Source: A gift from my friend Nik Thakur, because he is awesome that way.
I rate it: 5/10
Six word summary: Time traveling mutant does nothing awesome.
I’m reviewing this on a re-read, which is strange, because the first time I read The Time Traveler’s Wife, I never supposed I would want to read it again. But, after finishing Yan Lianke’s disturbing and depressing Lenin’s Kisses, I felt a hankering for an unadulterated love story, and I do not have a substantial stock of those on my shelves.
Henry DeTamble has a genetic disorder that makes him slip physically away from here and now to some other time (and place) in his lifeline and that of his wife, Claire. He cannot help when he goes, or where, or how long he stays there. Also, nothing that is not a part of his actual body goes with him, so he always lads up buck naked, without ID or money, often in crowded place and occasionally in sub-zero temperature.
Henry is 28 when he first meets a 21-year-old Claire, but she has known him all her life, because a future, post-marriage Henry has travelled down to her childhood home more than a hundred and fifty times, the first time when she was six. So when she sees him in real-time, she knows he is her husband-to-be, and soon enough, Henry abandons his singleton shag-happy lover-boy lifestyle to settle down into comfortable matrimony, peppered by time travelling that is sometimes hijinksome and usually life-threatening.
The love story is actually quite cozy and sweet, despite the fact that both Henry and Claire sound like the same person, and there is no convincing character development. The romance and the (admittedly excessive) sex did not make me want to retch, and the ending managed to tear me up (sheepish admission: I cried just a little)
However, the book is not amazing. Not even close. For one thing, it is far too long. Time travel is fascinating, but even time travelers and their spouses do boring shit, and the writer insists on going into the details of parties they attend, meals they have, conversations they have. To make matters worse, the first person narration keeps shifting from Claire to Henry and back every few paragraphs , so each banal episode is described, not once, but twice, from two different POVs with almost identical voices. Claire’s difficulty in carrying her pregnancies to term (her fetuses keep time travelling out of her) just goes on and on, and we have to keep reading about her getting increasingly hysterical about having a baby (also, while I am aware that there are ladies in real life who are fanatical about having kids even if it kills them, and who refuse to even consider adoption, this trait made me like Claire less). It is my opinion that the book could have been trimmed down to, like, 40%, without damaging the story in any way.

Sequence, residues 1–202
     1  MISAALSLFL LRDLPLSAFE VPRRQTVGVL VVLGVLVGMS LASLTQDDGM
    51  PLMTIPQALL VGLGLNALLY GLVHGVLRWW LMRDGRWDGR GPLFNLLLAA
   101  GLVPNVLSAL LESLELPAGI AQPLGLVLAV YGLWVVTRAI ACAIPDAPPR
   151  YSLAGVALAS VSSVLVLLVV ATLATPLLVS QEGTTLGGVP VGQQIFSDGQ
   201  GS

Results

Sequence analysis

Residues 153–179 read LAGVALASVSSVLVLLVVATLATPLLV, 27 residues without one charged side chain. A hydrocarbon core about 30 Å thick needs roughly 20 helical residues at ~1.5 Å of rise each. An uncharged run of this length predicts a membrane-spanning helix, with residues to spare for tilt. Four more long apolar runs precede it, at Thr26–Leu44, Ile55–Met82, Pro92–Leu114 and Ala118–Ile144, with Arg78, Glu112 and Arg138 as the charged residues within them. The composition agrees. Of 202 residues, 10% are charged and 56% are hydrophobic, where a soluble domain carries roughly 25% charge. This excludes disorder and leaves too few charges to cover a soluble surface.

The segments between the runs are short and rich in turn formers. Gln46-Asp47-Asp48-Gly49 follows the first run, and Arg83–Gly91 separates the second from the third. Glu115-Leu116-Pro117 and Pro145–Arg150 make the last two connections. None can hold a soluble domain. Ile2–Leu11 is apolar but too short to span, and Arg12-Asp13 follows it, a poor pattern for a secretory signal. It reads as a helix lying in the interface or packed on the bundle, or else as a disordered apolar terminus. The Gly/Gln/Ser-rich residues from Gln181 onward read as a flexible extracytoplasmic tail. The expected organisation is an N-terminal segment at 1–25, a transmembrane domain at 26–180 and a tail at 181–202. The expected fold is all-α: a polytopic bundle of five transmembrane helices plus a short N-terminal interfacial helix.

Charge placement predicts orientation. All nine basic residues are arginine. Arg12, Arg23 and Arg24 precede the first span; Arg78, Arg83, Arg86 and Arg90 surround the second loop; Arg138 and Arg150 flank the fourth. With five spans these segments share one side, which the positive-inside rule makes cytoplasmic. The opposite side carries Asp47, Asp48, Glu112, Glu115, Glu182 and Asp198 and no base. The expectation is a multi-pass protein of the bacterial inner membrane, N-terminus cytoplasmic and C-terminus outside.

Also, annoying snobbery, pretentiousness, and racial stereotyping ruined much of the experience for me. Claire is a completely unsympathizable poor little rich girl, who lives in a house that has books written about it and is surrounded by square miles of meadow, and who does some daft and arty shit for a living. There is an attempt to depict Henry’s background as less plush, but his dead mother was a world renowned singer, and his alcoholic father is also a gifted musician. Despite disappearing, re-appearing , and being caught running around in the buff several times at his place of work, Henry manages to hold down his respectable job as a librarian. Later in the story, the writer abandons all pretence of having her characters demean themselves by working for a living, and simply lets Henry use his time travelling powers to roll around in stock market and lottery winnings.
Despite these shortcomings, I admit I sort of liked the book, primarily because I really love time travel stories (Octavia Butler’s Kindred was one I enjoyed a lot more). I hear a sequel to the Time Traveler’s Wife, about the adventures of Henry’s daughter Alba, is due to come out this year. I hope Audrey Niffenegger has matured as a writer in this decade since the book first came out, because I will be reading part two, and count on me to bitch about it if she bores me with long, pretentious prose once again.
Oh, I’d hate to end without telling you about two things that creeped me out in the book even if they were technically okay. One of teenage Henry meeting up with his past or future from last or next week to have group jerking sessions, which is technically masturbation, and practically something a teen time traveler would do, but still very nasty. The other is adult Henry’s very sexual attraction to the adolescent Claire that he visits in the past. Even though she is his wife in the future, and he was possibly sleeping naked with her at the moment he was tossed back in time, it is still a fifteen year old girl and a 40-year-old man we are talking about.
-Amritorupa “ temporal paradox’ Kanjilal